March 22, 2024

Little gardeners

Some simple outdoor activities will ensure your little ones can reap the physical, mental and emotional benefits of gardening.

Low-cost outdoor activities make for wonderful photo opportunities that can capture a beautiful moment in time, as Eiren Lyons has discovered.

When I was growing up, my mother always had flowers in the house and my dad prided himself on having one of the nicest gardens in the street.

We would spend weekends visiting garden centres and while we were driving around in the car, we would comment on the beauty of other people’s gardens. It was only natural that at 12 years old, my first job was at our favourite garden centre in Adelaide, watering after school and serving customers most weekends.

Today, I am a manager at a wonderful family-owned and operated wholesale plant market – my job is a passion encouraged by my parents. While you may not have an occupation in horticulture but do have a love of gardening, you can partake in some simple activities to ensure your little one (or older child) can reap the physical, mental and emotional benefits of gardening.

Many garden centres now have activities from jungles to mazes, animals (both living and statues), fairy gardens, playgrounds and cafes. Associating a great day out with plant shopping will make it easier for you to visit garden centres with kids in tow.

And it doesn’t matter whether your child is bathed in sunlight, or whether they’re jumping in muddy puddles, there is always something to do, see or be a part of.

All over the state there are nurseries waiting to be explored. The more we support these businesses, the bigger they can grow and continue to put smiles on kids’ faces for years to come.

We are lucky to have amazing public gardens on our doorstep in both the city and regions. Botanic gardens and nature walks allow you to connect with children as you can together physically see, smell and touch the flowers and foliage.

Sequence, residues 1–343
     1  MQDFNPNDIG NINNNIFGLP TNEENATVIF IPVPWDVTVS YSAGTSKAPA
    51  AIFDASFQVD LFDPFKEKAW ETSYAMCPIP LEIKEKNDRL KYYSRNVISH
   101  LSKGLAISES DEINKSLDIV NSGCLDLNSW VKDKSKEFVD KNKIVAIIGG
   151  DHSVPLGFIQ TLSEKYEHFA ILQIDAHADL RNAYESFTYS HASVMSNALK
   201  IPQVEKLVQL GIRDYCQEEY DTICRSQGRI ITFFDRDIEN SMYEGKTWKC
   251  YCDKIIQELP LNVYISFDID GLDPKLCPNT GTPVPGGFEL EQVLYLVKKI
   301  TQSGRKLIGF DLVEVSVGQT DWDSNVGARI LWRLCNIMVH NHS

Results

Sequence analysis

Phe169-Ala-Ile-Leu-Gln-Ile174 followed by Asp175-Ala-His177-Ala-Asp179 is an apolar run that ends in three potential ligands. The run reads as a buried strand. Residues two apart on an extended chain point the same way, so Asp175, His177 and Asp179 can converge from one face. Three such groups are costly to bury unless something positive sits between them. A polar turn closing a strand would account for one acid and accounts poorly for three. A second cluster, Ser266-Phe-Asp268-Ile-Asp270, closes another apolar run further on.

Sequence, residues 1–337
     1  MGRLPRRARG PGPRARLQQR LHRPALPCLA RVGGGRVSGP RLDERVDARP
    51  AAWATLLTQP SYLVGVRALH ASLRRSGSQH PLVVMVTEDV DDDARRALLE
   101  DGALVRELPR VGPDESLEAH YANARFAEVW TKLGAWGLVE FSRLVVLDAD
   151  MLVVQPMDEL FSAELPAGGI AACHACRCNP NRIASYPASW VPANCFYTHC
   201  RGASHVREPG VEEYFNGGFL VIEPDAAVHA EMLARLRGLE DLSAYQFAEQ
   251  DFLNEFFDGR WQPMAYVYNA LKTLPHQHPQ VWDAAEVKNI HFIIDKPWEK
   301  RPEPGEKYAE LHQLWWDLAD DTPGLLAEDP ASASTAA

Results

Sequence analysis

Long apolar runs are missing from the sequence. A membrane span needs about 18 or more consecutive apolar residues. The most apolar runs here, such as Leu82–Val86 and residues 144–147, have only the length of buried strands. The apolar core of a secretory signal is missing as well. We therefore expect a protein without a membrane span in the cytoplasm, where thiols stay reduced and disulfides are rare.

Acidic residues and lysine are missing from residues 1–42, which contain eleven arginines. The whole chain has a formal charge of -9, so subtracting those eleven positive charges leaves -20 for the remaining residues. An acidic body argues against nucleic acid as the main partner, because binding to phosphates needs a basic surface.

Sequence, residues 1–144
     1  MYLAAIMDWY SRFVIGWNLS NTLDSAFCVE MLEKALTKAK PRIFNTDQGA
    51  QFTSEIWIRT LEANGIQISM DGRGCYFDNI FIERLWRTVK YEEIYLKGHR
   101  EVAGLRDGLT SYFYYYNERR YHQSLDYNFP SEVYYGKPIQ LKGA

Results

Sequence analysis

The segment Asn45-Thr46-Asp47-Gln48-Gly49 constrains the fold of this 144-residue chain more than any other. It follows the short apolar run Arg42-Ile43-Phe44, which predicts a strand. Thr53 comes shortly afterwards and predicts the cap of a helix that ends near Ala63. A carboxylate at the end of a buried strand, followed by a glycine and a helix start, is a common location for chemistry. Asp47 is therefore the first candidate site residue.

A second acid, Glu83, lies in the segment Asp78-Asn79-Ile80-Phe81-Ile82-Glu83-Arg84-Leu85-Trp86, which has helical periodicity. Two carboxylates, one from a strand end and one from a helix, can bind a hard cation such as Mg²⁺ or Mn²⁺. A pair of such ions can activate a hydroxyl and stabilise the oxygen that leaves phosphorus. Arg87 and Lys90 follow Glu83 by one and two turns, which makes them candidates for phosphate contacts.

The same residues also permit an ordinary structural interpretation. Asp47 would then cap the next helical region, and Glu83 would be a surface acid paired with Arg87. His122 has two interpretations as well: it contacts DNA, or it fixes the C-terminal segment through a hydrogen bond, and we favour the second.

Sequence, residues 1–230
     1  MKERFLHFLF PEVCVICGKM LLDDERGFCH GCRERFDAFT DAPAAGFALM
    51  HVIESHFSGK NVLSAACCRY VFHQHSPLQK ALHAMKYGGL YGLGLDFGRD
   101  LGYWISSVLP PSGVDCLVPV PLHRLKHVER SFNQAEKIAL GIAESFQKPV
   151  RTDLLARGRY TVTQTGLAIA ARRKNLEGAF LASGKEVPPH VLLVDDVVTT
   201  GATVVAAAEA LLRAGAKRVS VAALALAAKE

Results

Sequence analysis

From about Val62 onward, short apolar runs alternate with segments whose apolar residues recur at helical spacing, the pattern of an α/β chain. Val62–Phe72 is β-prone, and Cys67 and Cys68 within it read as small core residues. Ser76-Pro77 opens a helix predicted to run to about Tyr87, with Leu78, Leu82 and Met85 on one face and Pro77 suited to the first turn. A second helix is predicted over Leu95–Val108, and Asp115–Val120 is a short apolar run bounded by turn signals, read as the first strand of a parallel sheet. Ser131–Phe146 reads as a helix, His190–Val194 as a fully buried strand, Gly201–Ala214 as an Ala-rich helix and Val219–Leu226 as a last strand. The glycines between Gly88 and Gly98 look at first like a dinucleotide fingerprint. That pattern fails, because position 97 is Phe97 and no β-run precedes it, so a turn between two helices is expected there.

Children are sponges. Tell them your favourite flower and ask them theirs, because from that day forward, this information will stick for life. They will pick these flowers out wherever they go (yes, mum, white daisies).

Discuss the seasons and what happens to fruit and flowers at different times of the year. Locate a tree in a garden or park and watch it grow over time. What colour are the leaves in autumn? When does it flower? Who planted it and why is it there? Walking around parklands allows you to bond and is a wonderful form of exercise and source of vitamin D.

South Australia also has many hobby farms that allow you to spend a day picking and tasting produce. There is nothing fresher than harvesting by hand and eating straight from the source, making healthy eating more exciting. Different seasons will ensure there will always be something to do, whether it be picking apples in Lenswood or strawberries in Hahndorf.

Low-cost outdoor activities make for wonderful photo opportunities that can capture a beautiful moment in time. Search online for fig, cherry or sunflower picking opportunities in your region, and you should find all the details you need.